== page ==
Friday, May 9, 2014

My Dad Mike

A guest post by the Founder of "I Declare World Peace", Lawrence R Gelber. 



As the world commemorates the final days of World War II in Europe, we are all naturally reminded of one of the most horrific periods in modern history. But scattered among the tales of death, horror and heroics in battle, there are also countless stories about ordinary people doing remarkable things.  I tell one here about my dad.

Victory in Europe: Image from Wikimedia Commons
My father was one of five children born in the Bronx to immigrants from the shtetls of Eastern Europe. Since he was born in the early 1900s he was, luckily, too young to serve in WWI and too old to serve in WWII. His extreme nearsightedness probably also kept him out of military service, even in a non-combatant capacity. My dad had barely completed one year of high school, and so worked away at a low-paying trade, and quietly lived his life.  WWII came and went and he married my mother after the War, and I showed up soon thereafter.

By the time I was a young boy in the early 1950s, his trade largely disappeared, so he went to work in the post-office. Since he had a wife and a young son, he decided to work nights, because that increased his meager pay by 10%.  He was by all measures a simple, but honest, humble and gentle man who took the responsibility of a family seriously.  My dad was already 42 years old when I was born, and I was the apple of his eye.  His gentle loving nature made me a daddy’s boy from my earliest memory. He taught me to respect life and to live and let live.

When I was a teenager, my dad would periodically tell me stories of his youth, some wild, like the time a bullet pierced his coat, shot by a member of the then famed “Legs” Diamond mob that specialized in robbing resort hotels located in New York’s Catskill Mountains. Once, while walking along a street in the Bronx, an old friend of his addressed him as “Doc”.  When I asked him later, my dad explained that he was good at fixing eyeglasses and did that for his friends, who in turn called him Doc.

I do not think my father was particularly happy with me when I was a hippie, or when I went off to travel the world in the late 1960s instead of getting a job, but his love was always there. So I know he was extremely proud when I decided, some years later, to go to law school. But then, in the middle of my second year of law school, in 1979, he died from an embolism after knee replacement surgery.  I was an only child. I was crushed.

At his funeral, I noticed a woman who I had never seen before, someone of my dad’s generation. I asked my aunt, my father’s younger sister, about the woman.

Image from Wikimedia Commons
In the very late 1930s, or very early 1940s, European Jews looking to escape the Nazis were trying, often desperately, to get visas to the United States. In that effort a particular family in Austria scoured telephone directories for people surnamed “Gelber”, hoping to find a sponsor for a US visa. There in the Bronx telephone directory was my dad, and they wrote to him, a complete and utter stranger. Even though he had no money and even though he would be undertaking financial responsibility – that’s what sponsorship entailed - he said yes.  He would sponsor a family of complete strangers. My dad, in the vernacular of the Yiddish speaking world, was a “mensch”, a real human being.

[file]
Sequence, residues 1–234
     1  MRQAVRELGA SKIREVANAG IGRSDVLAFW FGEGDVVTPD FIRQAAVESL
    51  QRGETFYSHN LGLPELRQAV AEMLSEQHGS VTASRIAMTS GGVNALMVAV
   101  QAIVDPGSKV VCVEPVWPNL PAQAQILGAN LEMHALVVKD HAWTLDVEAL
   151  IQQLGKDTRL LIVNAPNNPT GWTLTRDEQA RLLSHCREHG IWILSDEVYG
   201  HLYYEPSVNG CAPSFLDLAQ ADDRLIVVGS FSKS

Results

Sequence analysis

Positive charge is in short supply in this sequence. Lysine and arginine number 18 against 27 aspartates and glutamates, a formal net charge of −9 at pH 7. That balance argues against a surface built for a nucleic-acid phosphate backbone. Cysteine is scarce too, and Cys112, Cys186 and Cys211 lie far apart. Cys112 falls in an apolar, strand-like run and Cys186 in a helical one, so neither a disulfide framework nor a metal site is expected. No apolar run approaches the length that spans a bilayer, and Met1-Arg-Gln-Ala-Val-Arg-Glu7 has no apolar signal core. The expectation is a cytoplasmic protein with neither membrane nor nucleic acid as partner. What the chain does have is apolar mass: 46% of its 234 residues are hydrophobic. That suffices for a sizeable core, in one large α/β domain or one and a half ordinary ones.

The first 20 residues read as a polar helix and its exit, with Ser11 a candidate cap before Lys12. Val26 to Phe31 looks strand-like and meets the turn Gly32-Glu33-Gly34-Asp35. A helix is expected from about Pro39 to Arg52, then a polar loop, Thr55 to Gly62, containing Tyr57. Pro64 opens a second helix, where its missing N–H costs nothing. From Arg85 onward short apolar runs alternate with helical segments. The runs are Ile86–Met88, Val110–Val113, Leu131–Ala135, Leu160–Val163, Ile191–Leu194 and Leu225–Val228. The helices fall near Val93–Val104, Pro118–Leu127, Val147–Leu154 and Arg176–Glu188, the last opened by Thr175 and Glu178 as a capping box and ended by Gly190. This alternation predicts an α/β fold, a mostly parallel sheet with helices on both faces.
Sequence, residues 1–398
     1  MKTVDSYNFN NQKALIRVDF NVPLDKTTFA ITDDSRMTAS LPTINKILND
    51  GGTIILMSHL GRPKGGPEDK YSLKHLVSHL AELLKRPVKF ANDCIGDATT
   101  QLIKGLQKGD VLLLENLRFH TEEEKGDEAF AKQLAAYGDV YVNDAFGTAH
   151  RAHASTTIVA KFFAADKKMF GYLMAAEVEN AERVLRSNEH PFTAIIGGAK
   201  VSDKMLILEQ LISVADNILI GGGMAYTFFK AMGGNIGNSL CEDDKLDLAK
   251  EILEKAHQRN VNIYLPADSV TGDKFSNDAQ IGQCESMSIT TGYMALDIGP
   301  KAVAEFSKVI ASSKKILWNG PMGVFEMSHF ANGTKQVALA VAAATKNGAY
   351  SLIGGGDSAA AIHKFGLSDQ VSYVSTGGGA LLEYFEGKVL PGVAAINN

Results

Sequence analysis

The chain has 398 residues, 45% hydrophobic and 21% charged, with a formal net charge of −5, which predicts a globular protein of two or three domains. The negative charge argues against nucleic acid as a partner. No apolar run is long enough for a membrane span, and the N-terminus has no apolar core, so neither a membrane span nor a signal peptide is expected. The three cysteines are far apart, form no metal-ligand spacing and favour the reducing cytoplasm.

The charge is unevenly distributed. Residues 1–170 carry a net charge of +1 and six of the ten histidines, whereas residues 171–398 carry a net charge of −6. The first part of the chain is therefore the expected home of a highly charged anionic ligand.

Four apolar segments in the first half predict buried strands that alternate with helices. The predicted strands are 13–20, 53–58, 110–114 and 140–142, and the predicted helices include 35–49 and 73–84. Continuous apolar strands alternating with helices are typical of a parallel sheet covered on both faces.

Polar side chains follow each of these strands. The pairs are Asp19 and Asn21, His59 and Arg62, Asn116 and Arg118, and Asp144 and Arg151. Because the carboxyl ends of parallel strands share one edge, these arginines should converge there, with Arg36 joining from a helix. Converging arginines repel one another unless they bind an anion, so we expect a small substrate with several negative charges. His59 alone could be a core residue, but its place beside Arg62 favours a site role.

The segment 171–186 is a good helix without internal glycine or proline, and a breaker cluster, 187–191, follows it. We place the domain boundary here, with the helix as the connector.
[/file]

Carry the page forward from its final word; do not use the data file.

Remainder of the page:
My aunt told me this woman was the wife in that Austrian family.  I was wracked with grief, but this new information, this story I had never heard before, about an astounding thing that my dad had done, added another profound dimension to the monumentality of my sense of loss. I approached the woman. Her husband, who had since passed, had gone on, after arriving in the United States, to become a prominent physician at a major hospital in New York, saving countless lives.  She held my hand and with a heart full of compassion told me that my dad had saved them.  I asked her, through my unrelenting tears, if I could tell her story, in essence a holocaust story with a happy ending, in the eulogy I was moments away from delivering.  She kept my hand and looked at me and repeated (I paraphrase) – “I would not be here if it were not for your father, you can say whatever you want. Your father saved our lives. We owe him our lives.”

My dad’s humility and lifelong respect for life is part of the inspiration for the “I Declare World Peace” project which my wife Rita and I have been promoting for a few years now.  I think my dad never told me the “war” story for two reasons. One was that he was simply a humble man, not given to bragging, and, because what he did was “right”, there was nothing to really talk about. The second reason, I suspect, is that my dad intuitively knew that war stories, even ones with happy endings, were perhaps best left in the past. But even if my dad would not tell this story, I tell it because what an everyday working class man like my father did demonstrates that just one person with a strong conscience and a firm moral center can make a spectacular difference in an otherwise scary world. World Peace is up to each of us. Please Google “I Declare World Peace” and help us spread the word.








Lawrence R. Gelber is a lawyer living in Brooklyn, New York, with his wife Rita. Lawrence & Rita operate the I Declare World Peace project, described at www.ideclareworldpeace.org.  

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